There's Something that Should Happen in Every Birth, that You've Probably Never Heard Of
We can learn something from women who give birth in cars and corridors.
Today, most births take place in hospital—at least in the modern Western world. Only 50 years ago, most births took place at home, but now it’s typical to pack your bag for hospital and deliver your baby on a maternity ward.
Because you’re generally not admitted into hospital until you're in full-swing active labour, there are women every day, everywhere who don’t make it. There are births of babies who end up arriving in the car, in a lay-by, or even a hospital corridor!
You'll have seen the viral videos shared online where this has happened to a woman. They make one thing abundantly clear: these babies don’t wait for a signal from anyone! In a culture that stereotypes the image of birth as being a heaving, straining affair on your back under hospital lights and a cheerleading team urging PUSH, what these stories give away is that babies evidently don’t need any coercion. Not only may they come right out, but even against attempted suppression. In fact, there have even been women unconscious in comas who have given birth.
So what does this mean? Why do they need so much coaxing out in hospital? Are all these corridor-birthing women just oddities, or is there something else afoot in physiology?
What these stories reveal, like peepholes in a drawn curtain, are strong examples of the ‘fetal ejection reflex’. It’s a strange sounding term (that sounds more like a baby in-utero kicking an inquisitive hand off the belly) but what the term conveys is simply the fact of the act: a baby coming out with an enormous sense of urge, via the body's own expulsion, that when unimpeded in physiological birth, requires no inordinate 'pushing' at all.
The term 'fetal ejection reflex' was first used by scientist Niles Newton in the 60s in reference to birthing mice, then in the 80s by Michel Odent about women in labour. It usually occurs in a completely undisturbed labour when the woman feels safe and supported without bother from noise or bright lights.
That’s why the 1% of women who give birth at home will normally experience the fetal ejection reflex, but it’s rare to see it in hospital settings. A labouring mother upon entering hospital, whether or not she realises it, has her neocortex/'thinking brain' overstimulated and disturbs her deeper primal brain, even if she consciously wants to be in hospital. She will either give birth in spite of the disturbance, or receive intervention to rescue it.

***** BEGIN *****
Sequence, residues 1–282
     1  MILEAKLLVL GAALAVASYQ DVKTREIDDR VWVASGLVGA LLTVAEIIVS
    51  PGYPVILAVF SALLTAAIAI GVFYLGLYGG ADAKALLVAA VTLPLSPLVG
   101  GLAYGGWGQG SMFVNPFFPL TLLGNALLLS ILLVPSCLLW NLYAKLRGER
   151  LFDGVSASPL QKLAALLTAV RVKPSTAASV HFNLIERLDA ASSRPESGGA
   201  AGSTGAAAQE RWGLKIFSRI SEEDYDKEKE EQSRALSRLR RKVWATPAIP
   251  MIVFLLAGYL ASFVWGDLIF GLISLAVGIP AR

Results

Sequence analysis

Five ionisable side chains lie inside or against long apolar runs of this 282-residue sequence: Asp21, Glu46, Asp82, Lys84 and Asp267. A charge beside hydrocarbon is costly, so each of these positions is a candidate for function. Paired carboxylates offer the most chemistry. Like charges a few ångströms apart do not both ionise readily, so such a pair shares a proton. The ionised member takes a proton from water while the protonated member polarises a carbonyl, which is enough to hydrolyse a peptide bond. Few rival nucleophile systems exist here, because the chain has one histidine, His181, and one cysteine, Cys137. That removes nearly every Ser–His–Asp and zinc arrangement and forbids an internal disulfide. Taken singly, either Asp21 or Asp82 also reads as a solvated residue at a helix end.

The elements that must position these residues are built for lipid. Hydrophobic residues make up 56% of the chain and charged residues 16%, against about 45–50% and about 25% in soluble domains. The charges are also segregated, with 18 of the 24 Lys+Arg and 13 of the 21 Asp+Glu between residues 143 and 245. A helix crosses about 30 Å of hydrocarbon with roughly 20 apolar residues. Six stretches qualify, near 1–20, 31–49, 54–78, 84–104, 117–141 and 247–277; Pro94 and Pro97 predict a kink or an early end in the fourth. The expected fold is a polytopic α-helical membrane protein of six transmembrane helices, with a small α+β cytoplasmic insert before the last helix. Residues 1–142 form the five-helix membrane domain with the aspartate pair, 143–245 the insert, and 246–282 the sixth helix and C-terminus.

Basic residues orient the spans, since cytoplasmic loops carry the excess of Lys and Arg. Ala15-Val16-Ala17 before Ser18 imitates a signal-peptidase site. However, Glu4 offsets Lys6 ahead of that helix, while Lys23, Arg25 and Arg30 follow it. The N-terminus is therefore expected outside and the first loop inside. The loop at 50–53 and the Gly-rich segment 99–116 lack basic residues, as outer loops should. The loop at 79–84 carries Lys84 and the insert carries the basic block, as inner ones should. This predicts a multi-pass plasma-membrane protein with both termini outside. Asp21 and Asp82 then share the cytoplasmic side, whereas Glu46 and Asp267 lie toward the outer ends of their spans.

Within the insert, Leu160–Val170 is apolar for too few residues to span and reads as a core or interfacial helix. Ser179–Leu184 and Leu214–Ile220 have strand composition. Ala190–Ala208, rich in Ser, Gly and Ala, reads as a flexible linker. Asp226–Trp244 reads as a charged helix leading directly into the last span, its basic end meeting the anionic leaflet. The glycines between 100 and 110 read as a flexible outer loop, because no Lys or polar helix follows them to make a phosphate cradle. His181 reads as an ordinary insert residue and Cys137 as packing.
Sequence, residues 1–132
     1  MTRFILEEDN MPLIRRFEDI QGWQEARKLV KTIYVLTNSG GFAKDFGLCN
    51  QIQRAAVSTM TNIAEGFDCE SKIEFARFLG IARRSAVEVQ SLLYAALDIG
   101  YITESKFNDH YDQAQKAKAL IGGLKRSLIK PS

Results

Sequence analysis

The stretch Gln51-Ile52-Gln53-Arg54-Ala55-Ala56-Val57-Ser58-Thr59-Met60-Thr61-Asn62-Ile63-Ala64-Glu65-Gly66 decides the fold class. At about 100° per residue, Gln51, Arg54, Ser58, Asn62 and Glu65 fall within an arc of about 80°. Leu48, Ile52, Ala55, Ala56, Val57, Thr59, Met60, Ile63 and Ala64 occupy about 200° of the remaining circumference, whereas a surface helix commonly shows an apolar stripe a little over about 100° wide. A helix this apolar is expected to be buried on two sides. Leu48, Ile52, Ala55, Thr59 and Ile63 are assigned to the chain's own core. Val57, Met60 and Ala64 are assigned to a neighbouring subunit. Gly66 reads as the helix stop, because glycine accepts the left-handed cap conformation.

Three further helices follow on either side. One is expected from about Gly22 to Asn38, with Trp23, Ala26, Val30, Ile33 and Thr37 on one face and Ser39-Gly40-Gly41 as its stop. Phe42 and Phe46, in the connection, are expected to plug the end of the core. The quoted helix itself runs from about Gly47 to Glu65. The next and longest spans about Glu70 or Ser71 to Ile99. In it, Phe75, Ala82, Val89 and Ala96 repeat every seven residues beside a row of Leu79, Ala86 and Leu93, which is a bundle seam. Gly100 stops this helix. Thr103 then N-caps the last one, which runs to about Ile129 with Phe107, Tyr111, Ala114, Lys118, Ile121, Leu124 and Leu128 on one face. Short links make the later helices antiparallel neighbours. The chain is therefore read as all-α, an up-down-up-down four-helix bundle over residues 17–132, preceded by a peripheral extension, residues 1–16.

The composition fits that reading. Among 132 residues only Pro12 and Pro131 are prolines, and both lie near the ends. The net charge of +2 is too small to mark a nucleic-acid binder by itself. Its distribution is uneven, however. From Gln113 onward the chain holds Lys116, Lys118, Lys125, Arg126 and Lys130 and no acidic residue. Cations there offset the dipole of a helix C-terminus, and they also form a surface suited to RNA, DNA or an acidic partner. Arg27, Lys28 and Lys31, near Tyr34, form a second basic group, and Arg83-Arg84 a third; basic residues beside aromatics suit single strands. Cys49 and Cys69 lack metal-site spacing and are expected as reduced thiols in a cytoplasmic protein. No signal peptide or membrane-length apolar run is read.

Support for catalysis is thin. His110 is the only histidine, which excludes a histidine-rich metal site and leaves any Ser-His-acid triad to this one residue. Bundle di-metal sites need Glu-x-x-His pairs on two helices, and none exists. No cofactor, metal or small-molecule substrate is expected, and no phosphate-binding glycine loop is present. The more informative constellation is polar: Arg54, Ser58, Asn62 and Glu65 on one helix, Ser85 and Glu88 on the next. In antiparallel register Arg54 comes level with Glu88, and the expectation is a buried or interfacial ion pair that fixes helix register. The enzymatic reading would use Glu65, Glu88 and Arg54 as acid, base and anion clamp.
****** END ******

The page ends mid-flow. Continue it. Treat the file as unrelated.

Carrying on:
By nature's design
So when a labouring woman transports suddenly into an alien environment of a car or hospital corridor, her labour might slow down or, sometimes stop altogether. But if she's too far gone, her body can eject the baby quickly. This is a design of nature. At the end of the labour process, a surge of adrenalin clears away her endorphin-trance and the muscles of the uterus bear downwards. Sensing a 'predator' can in fact trigger that last stage (in some societies historically, they’d fire a gun or shock the woman in some way, to produce the same effect!)
What is meant by ‘pushing’—excessive, coached force in a supine body position or imposed time limit (sometimes called 'purple pushing')—is not the same as 'bearing down'. A woman may have felt like she pushed but actually she is bearing down along with her own body’s force, on her body’s cue, not on the cue of other people.
That's why it's important for women to listen to their bodies in labour, following its cue—and in turn, for caregivers to listen to the woman, and follow her cue.
"Let us dream of a time when the art of midwifery will be primarily the practice of not hindering the fetal ejection reflex" (Michel Odent)
Many of us don’t think about the effect our chosen environment has on birth, or of how the same birth could play out in another place—and what our bodies might have done differently there.
In pursuing the ultimate safest place to give birth, we may have traded biology—and the fetal ejection reflex itself—for a different sense of safety. Might we come to question the 99% of babies born away from their homes, and recognise that a higher ratio of births can take place in an environment that actually helps facilitate a normal healthy outcome?
The picture you see in this post, of the woman birthing in the back of a car, is a staged scene I created as a fine-art photographer. Although you don't have to look far on the internet to find real photos and videos of women birthing 'accidentally' in unusual places, I wanted to make a polished photographic version, like a movie-still, for my fine-art series Birth Undisturbed. It was the term 'fetal ejection reflex' itself that inspired me—I wanted to take the term out of obscurity, to help more of us understand the biology behind it.